Cache-Control: public, max-age=1024000 Spring Garden Taverns


Spring Garden is named from its water-spring or fountain, set playing by the spectator treading upon its hidden machinery—an eccentricity of the Elizabethan garden. Spring Garden, by a patent which is extant, in 1630 was made a bowling-green by command of Charles I. "There was kept in it an ordinary of six shillings a meal (when the king's proclamation allows but two elsewhere); continual bibbing and drinking wine all day under the trees; two or three quarrels every week. It was grown scandalous and insufferable; besides, my Lord Digby being reprehended for striking in the king's garden, he said he took it for a common bowling-place, where all paid money for their coming in."—Mr. Garrard to Lord Strafford.

In 1634 Spring Garden was put down by the King's command, and ordered to be hereafter no common bowling-place. This led to the opening of "a New Spring Garden" (Shaver's Hall), by a gentleman-barber, a servant of the lord chamberlain's. The old garden was, however, re-opened; for 13th June, 1649, says Evelyn, "I treated divers ladies of my relations in Spring Gardens;" but 10th May, 1654, he records that Cromwell and his partisans had shut up and seized on Spring Gardens, "wch till now had been ye usual rendezvous for the ladys and gallants at this season."

Spring Garden was, however, once more re-opened; for, in A Character of England, 1659, it is described as "The inclosure not disagreeable, for the solemnness of the grove, the warbling of the birds, and as it opens into the spacious walks at St. James's.... It is usual to find some of the young company here till midnight; and the thickets of the garden seem to be contrived to all advantages of gallantry, after they have refreshed with the collation, which is here seldom omitted, at a certain cabaret in the middle of this paradise, where the forbidden fruits are certain trifling tarts, neats' tongues, salacious meats, and bad Rhenish."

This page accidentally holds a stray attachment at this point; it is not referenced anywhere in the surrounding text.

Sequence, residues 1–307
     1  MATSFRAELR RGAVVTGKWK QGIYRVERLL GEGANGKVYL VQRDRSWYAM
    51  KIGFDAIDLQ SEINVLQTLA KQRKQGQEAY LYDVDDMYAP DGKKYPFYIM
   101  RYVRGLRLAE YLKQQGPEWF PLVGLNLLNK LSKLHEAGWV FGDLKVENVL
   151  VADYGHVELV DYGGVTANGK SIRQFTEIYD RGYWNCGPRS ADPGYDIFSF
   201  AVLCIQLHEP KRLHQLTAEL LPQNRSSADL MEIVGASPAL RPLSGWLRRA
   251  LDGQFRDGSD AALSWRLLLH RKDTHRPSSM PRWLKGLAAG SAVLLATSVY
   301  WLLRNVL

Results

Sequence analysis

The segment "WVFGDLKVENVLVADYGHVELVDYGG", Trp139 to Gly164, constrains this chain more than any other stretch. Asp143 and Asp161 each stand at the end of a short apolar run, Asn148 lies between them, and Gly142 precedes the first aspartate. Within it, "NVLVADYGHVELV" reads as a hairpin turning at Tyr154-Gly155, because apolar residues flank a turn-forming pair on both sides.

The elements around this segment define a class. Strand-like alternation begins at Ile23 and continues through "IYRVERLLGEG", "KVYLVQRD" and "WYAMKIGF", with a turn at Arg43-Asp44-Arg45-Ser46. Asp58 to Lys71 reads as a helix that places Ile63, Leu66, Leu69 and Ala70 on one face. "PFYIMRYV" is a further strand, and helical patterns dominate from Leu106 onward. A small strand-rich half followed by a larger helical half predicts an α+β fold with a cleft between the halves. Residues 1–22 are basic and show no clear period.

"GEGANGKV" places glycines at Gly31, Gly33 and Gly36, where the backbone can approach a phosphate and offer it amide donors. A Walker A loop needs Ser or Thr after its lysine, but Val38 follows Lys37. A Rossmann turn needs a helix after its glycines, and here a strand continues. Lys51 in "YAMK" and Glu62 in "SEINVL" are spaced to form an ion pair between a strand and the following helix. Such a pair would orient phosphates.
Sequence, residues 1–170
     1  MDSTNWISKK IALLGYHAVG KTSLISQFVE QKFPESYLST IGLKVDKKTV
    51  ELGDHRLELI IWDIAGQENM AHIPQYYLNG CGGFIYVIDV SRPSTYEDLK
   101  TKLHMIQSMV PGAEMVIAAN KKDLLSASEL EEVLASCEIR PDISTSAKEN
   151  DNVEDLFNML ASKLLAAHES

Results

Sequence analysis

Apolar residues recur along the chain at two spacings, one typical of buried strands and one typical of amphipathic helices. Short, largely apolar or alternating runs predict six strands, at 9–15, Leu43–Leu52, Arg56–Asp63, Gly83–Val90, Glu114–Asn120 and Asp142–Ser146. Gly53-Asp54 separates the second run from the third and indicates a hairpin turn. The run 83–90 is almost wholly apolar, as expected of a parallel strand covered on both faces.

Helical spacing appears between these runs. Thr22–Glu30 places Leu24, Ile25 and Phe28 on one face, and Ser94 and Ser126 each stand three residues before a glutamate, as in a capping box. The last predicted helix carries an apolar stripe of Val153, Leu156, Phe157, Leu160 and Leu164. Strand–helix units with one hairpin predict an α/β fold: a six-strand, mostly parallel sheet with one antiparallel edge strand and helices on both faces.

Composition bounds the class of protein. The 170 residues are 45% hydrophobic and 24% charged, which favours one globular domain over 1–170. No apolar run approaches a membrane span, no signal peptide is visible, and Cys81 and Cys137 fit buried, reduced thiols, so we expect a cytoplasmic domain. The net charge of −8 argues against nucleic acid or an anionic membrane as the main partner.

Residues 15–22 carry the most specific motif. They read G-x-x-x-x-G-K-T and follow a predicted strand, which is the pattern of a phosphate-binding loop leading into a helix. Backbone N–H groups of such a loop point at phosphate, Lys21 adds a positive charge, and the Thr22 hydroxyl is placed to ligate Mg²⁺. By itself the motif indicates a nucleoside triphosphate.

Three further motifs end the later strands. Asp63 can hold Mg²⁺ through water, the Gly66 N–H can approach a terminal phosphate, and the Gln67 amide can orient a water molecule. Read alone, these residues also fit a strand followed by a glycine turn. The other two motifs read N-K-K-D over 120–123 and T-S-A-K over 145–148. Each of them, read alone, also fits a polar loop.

"The New Spring Garden" at Lambeth (afterwards Vauxhall) was flourishing in 1661-3; when the ground at Charing Cross was built upon, as "Inner Spring Garden" and "Outer Spring Garden." Buckingham-court is named from the Duke of Buckingham, one of the rakish frequenters of the Garden; and upon the site of Drummond's banking-house was "Locket's Ordinary, a house of entertainment much frequented by gentry," and a relic of the Spring Garden gaiety:

"For Locket's stands where gardens once did spring."

Dr. King's Art of Cookery, 1709.

Here the witty and beautiful dramatist, Mrs. Centlivre, died, December 1, 1723, at the house of her third husband, Joseph Centlivre, "Yeoman of the Mouth" (head cook) "to Queen Anne."[40] In her Prologue to Love's Contrivances, 1703, we have

"At Locket's, Brown's, and at Pontack's enquire

What modish kickshaws the nice beaux desire,

What famed ragouts, what new invented sallad,

Has best pretensions to regain the palate."

Locket's was named from its first landlord:[41] its fame declined in the reign of Queen Anne, and expired early in the next reign.

[40] Curiosities of London, pp. 678, 679.

[41] Edward Locket, in 1693, took the Bowling-green House, on Putney Heath, where all gentlemen might be entertained. In a house built on the site of the above, died, Jan. 23, 1806, the Rt. Hon. William Pitt.

John Timbs
Club Life of London Vol. II
London, 1866